Elizabeth hires new teachers based on character.  “I craft questions that will draw out their character in the interview.  You can teach a willing person with a dedicated curriculum, but it’s difficult to instill character in an adult.  I want teachers who have a passion to be the best and intrinsically raise the bar for themselves.  Those are the teachers that will do professional learning on their own and challenge themselves to be the best.”  She believes that effective administration requires vision, strong communication skills, excellent listening skills, solid instructional practices and trustworthiness.  “In order for a school to grow there must be a vision of where we will be in 5 years.  You have to be able to communicate that vision to stakeholders and a wide variety of groups.  Principals must also be a part of professional learning and understand solid instructional practices in order to have meaningful conversations and provide targeted feedback.  Our stakeholders must know without a doubt that we have our students’ best interests in all of our actions.”  She also mentioned that leaders should never ask teachers to do anything they wouldn’t do themselves.  “I have morning and afternoon duty right along with them” she said.  “I am extremely organized and always let them know what is coming in advance.  I make sure teachers have time to teach and not get bogged down with duties and activities.  I create an atmosphere where teachers can teach and students can learn.”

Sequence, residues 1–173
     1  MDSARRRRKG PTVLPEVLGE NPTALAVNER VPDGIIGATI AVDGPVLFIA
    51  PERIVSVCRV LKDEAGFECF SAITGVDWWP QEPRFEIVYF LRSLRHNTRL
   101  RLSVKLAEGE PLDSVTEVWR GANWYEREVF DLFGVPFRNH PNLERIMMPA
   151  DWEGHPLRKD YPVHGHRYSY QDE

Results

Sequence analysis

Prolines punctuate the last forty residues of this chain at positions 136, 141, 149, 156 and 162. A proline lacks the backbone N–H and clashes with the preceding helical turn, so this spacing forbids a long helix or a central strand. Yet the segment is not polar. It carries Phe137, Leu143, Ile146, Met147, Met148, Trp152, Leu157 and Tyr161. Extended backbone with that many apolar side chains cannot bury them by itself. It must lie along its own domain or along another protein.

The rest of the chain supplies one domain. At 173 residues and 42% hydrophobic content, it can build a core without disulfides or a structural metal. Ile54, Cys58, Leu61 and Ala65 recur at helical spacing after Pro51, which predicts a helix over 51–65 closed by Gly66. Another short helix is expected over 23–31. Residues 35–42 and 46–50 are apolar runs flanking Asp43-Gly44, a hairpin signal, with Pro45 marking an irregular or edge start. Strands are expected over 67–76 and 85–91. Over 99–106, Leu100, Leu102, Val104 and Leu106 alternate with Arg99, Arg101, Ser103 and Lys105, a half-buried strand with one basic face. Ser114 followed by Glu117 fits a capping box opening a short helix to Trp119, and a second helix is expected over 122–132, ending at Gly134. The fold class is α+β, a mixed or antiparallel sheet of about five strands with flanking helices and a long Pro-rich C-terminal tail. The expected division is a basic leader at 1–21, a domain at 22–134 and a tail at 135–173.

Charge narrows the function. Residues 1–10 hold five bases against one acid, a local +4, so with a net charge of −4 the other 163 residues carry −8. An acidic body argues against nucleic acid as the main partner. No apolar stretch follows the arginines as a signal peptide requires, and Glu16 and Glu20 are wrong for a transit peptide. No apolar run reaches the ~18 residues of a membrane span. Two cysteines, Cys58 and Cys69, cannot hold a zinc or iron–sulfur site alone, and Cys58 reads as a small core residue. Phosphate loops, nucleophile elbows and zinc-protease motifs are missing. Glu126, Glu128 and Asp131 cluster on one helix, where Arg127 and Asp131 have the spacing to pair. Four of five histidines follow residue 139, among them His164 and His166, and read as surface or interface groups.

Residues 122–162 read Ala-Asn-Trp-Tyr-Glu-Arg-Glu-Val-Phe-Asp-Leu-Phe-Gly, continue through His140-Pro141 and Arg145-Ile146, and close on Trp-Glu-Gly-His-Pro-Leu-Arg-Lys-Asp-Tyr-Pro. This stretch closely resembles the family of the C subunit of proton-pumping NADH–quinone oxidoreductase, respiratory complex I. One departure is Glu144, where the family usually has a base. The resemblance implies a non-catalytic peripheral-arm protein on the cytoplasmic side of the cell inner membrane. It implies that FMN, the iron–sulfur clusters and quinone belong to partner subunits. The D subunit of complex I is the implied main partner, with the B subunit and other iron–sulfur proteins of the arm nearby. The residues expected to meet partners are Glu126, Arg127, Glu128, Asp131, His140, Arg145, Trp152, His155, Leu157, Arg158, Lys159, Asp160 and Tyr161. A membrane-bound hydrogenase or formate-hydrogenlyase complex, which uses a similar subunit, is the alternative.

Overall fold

Dr. Anderson suggests that the current evaluation instrument for Georgia teachers be modified.  “I wish it didn’t mandate I be in the best teachers’ classrooms as much as those of teachers that struggle and need more support.  The current instrument is basically a one-size-fits-all, and there is just not enough time to get in there and support those that need it most.  It is frustrating.”  She also said she would like to sit down with Governor Deal and Arne Duncan and tell them that educators are not the problem and blaming educators is not the solution.  “Politicians need to listen to educators and put funding back into our schools for our students.  I would enjoy the opportunity to sit at a table with them to help focus on solutions and not on blaming teachers.”  She likes the fact that her school is the heart of the Plainville community.  “Our school has struggled in the past.  This year our school has seen incredible growth.  The community support for our school has been tremendous, and I believe they are cheering for us.  I am planted in my community and believe in the students I serve.  I do not want limits on them because they are from a small town.  I want them to bloom and achieve what they set their minds to do.  The sky's the limit.”
    Her favorite story is that of the starfish, where a man walking along the beach notices his friend picking up starfish stranded by a receding tide and throwing them one by one back into the ocean.  “What are you doing?” the man asked his friend.  “Throwing starfish back into the ocean” was his reply.  “The sun is coming up and the tide is going out.  If I don’t throw them back in they’ll die.”  The man said “don’t you realize there are thousands and thousands of starfish on the miles and miles of this beach?  You can’t possibly make a difference.”  His friend picked up another starfish and threw it into the water.  “I made a difference for that one” he said.  The man learned a valuable lesson that day, and began helping his friend throw starfish back into the ocean, making a difference for those that he could.  Elizabeth Anderson is making a difference for kids and for the community in Plainville at W.L.Swain Elementary School.  I hope they take Shyla’s advice.  I think Timberwolves would be a wonderful mascot for a school that is teaching kids to learn fast and to help each other succeed.  Dr. Anderson is making a difference for the students and community at W.L. Swain Elementary.  She would be the perfect Leader of the Pack.